The game's soundtrack is perhaps one of the most laidback you'll find in any game but it is pitch perfect in its pairing with the levels and the gameplay. It's quiet and withdrawn in levels that are more open, with plenty of greenery, and changes tempo completely when the action dictates it or when the theme changes completely. Some may feel that it blends into the background a bit too much but that speaks more for the game than it does against it because of how well matched everything is. Some of the faux speech for the characters may irritate after awhile as it's simply babbling but it does fit with the character of the game.
Rayman returns triumphantly to consoles in perhaps his most enjoyable game yet with Origins. It's not just the look of the game that makes it so good, although to say that doesn't help would be lying. Everything is crafted with an expertise that only Ancel and his team could achieve, with brilliant and ingenious level design that drip feeds you new gameplay additions and ideas to keep you hooked, minimising the gulf that has existed between Nintendo's side scrolling efforts and those from other teams. It's an absolute joy from start to finish and if this is the future of Rayman games, then it's an absolute yes please to seeing more of this on consoles. Don't let this one go unnoticed, as it really is a must play.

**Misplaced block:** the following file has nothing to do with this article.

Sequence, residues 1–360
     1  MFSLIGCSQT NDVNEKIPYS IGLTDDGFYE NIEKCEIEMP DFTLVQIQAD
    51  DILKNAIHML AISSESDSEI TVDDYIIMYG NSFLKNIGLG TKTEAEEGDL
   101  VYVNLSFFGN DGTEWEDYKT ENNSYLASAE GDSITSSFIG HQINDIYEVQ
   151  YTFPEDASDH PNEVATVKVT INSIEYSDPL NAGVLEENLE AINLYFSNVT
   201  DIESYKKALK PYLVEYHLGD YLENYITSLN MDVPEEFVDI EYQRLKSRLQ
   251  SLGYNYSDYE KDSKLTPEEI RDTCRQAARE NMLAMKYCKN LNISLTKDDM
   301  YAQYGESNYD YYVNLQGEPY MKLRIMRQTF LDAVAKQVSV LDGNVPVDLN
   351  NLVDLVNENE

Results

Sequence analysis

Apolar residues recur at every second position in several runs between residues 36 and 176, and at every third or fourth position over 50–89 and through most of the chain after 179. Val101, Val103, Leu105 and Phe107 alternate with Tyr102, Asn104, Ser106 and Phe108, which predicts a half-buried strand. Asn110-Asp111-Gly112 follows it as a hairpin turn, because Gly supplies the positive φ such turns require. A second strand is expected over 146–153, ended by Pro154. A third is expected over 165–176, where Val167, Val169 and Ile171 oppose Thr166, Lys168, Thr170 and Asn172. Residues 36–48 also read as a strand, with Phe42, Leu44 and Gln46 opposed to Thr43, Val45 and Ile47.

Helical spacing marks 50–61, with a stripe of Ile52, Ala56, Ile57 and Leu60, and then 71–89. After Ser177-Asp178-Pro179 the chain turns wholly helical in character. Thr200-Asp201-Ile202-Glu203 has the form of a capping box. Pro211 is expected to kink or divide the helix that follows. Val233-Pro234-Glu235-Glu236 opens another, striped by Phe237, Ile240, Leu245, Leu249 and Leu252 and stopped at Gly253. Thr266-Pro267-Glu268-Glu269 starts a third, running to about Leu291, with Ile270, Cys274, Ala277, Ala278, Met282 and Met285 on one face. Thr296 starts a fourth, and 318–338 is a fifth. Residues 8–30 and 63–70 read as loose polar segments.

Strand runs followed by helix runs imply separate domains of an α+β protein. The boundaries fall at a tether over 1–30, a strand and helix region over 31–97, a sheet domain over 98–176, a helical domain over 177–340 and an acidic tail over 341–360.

Pro: Plays like a dream, ingenious level design, presentation is up there with the be
Con: 3 and 4 player multiplayer can be too hectic, the Trial levels will frustrate so
Final score: 9